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Developing Reading for Pleasure: engaging young readers
Developing Reading for Pleasure: engaging young readers

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7 Reader motivation

Motivation is key in developing volitional readers, that is, readers who read of their own free will. Many reading programmes, online and off, seek to foster recreational reading through an incentive-based system such as reading a certain number of books to gain stickers or stars. Although such programmes have a role, studies of extrinsic motivation indicate it can have a limiting effect on readers. If teachers place high emphasis on a fluent reading performance, on grades, competitions and material rewards, children are less keen to read (Orkin et al., 2018). Teachers should instead help children connect to each other as readers, engage affectively in the text and find pleasure in reading for themselves, not in order to please their teachers or parents, or to conform to the expectations of the school system. If children find pleasure in reading, they will gain all the benefits of being a childhood reader.

Photo of a classroom, focusing on 2 boys. 1 is showing something in an Alex Rider book to the other.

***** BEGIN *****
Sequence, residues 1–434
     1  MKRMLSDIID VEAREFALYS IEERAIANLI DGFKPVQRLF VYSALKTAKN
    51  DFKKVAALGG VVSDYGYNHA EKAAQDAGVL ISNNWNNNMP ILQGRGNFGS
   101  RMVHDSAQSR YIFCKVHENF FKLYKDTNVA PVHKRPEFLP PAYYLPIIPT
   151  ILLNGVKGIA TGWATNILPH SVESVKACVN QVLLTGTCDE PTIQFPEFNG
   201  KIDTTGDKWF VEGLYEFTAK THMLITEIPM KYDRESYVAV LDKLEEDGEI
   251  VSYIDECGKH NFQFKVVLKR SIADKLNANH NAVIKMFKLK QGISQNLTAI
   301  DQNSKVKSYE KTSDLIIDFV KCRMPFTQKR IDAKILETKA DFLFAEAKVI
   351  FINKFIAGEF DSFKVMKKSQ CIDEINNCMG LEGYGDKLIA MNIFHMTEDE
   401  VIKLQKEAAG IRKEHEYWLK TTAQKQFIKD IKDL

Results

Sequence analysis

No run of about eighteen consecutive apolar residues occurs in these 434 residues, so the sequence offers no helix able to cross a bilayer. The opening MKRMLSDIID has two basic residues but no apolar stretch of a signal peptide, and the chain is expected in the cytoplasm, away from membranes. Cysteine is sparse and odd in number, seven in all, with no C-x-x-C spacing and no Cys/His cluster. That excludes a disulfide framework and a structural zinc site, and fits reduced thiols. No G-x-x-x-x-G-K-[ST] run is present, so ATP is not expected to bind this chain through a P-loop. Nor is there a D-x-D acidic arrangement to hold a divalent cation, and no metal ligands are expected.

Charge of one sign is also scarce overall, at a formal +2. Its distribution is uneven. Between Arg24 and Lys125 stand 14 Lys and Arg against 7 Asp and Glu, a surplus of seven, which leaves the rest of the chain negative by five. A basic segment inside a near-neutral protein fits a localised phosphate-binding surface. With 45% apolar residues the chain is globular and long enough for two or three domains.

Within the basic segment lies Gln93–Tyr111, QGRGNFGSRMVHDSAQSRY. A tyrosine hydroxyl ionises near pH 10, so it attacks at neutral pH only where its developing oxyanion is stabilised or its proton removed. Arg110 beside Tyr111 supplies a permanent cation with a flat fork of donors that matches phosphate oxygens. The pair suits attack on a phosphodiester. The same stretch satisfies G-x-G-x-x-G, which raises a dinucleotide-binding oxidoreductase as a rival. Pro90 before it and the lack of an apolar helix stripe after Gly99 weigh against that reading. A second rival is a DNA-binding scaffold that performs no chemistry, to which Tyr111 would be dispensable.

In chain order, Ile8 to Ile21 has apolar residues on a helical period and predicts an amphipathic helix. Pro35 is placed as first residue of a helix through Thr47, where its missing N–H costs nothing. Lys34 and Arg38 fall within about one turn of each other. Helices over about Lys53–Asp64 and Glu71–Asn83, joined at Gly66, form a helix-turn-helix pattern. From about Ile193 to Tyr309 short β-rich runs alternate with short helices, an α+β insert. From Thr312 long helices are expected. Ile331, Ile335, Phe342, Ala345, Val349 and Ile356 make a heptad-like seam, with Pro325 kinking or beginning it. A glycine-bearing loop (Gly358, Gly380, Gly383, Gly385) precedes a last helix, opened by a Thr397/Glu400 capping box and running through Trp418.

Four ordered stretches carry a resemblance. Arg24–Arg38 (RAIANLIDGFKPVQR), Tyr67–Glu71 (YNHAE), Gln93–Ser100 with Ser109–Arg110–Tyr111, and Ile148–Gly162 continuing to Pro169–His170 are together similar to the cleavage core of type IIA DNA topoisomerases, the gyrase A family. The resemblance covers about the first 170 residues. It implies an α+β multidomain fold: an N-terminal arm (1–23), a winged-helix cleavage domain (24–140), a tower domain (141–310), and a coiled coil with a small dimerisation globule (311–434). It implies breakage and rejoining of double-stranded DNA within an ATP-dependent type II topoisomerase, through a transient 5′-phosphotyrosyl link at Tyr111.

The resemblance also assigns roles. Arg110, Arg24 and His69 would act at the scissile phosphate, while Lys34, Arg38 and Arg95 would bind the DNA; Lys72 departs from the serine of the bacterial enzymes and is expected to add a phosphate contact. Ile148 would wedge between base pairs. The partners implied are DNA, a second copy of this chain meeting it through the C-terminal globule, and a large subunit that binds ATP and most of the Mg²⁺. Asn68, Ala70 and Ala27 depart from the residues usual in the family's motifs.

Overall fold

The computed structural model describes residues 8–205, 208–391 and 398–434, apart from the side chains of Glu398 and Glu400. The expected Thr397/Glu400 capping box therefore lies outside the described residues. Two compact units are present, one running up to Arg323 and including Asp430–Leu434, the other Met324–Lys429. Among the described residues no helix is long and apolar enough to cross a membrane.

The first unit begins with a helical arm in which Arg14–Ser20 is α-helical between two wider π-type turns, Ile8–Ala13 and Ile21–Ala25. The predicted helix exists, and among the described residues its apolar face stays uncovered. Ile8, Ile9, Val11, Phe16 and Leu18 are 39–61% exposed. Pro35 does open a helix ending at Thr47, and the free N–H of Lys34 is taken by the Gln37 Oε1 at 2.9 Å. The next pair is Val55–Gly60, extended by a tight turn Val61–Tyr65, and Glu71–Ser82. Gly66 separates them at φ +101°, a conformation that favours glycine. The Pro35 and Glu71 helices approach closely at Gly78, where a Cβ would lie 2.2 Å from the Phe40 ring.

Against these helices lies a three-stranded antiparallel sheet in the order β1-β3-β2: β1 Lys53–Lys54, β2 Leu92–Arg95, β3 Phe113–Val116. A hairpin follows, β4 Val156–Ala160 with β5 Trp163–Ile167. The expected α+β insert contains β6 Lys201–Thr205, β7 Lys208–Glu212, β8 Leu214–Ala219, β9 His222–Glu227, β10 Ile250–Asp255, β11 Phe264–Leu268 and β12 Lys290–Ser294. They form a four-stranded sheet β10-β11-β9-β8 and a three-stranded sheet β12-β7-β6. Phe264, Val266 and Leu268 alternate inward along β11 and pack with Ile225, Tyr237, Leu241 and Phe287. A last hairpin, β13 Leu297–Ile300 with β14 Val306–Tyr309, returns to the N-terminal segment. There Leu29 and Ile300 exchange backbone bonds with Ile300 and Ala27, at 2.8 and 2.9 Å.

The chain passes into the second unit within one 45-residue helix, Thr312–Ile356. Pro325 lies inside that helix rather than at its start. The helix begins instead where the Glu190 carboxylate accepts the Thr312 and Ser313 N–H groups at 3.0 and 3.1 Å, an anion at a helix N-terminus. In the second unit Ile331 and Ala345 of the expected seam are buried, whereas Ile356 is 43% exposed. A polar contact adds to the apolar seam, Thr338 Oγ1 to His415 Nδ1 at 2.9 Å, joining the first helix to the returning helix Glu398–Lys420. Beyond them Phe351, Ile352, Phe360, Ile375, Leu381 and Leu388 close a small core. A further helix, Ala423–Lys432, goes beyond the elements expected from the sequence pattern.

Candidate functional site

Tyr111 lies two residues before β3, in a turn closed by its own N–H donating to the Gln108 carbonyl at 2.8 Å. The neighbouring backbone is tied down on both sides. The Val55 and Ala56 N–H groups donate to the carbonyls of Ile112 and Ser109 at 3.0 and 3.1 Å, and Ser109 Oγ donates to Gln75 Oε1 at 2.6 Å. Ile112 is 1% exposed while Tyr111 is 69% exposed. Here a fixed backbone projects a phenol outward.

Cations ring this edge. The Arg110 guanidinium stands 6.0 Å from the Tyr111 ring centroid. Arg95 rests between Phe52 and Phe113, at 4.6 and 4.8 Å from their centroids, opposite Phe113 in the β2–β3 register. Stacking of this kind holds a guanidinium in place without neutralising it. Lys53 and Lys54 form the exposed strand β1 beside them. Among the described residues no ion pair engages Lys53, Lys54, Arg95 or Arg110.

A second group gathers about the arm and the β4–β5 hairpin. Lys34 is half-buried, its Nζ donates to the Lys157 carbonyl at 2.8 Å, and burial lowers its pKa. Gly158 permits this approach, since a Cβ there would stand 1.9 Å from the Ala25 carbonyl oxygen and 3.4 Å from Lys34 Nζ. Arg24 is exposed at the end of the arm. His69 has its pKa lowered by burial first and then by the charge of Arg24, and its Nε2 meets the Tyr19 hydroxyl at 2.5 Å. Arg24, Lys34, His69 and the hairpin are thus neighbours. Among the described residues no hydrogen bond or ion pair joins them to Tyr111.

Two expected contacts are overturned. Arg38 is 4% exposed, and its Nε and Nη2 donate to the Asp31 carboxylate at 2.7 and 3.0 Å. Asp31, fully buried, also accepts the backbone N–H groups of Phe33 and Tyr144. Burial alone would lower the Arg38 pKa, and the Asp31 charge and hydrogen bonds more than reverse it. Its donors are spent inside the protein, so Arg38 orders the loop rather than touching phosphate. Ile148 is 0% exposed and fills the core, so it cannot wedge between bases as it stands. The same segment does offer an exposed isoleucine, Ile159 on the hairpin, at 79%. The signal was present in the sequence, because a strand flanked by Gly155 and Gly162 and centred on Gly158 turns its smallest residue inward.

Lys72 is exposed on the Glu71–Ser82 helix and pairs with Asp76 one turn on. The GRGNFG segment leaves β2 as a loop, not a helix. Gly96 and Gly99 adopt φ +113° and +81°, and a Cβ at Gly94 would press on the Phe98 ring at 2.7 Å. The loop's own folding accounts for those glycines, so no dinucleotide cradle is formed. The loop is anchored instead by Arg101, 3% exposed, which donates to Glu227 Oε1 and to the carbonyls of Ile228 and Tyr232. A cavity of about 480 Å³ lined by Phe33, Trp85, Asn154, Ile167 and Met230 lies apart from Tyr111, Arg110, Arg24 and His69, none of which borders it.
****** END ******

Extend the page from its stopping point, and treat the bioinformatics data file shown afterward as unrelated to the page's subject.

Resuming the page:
In Session 1, you read that readers who are intrinsically motivated are more likely to be reading for their own pleasure and satisfaction and to have a positive self-identity as a reader (McGeown et al., 2012). Becoming an engaged and motivated reader has personal, social, emotional and cultural dimensions. It involves the reader seeing a purpose for reading. Texts that interest, engage and challenge young readers are seen to be intrinsically motivating. Another key motivating factor is the actual experience of reading itself (Ross et al., 2006) and the child’s personal affective engagement in the text, as you saw in the case study of Ishmael in the previous section. Affect drives reader’s engagement; their emotional response to the text is very influential.

Children are also motivated by many kinds of texts, including digital ones, and value the opportunity to personalise such texts and the interactivity involved. Many readers are also socially motivated, they want to connect and belong. In the next section, you will look at how building reader networks, relationships and communities supports children’s desire to read.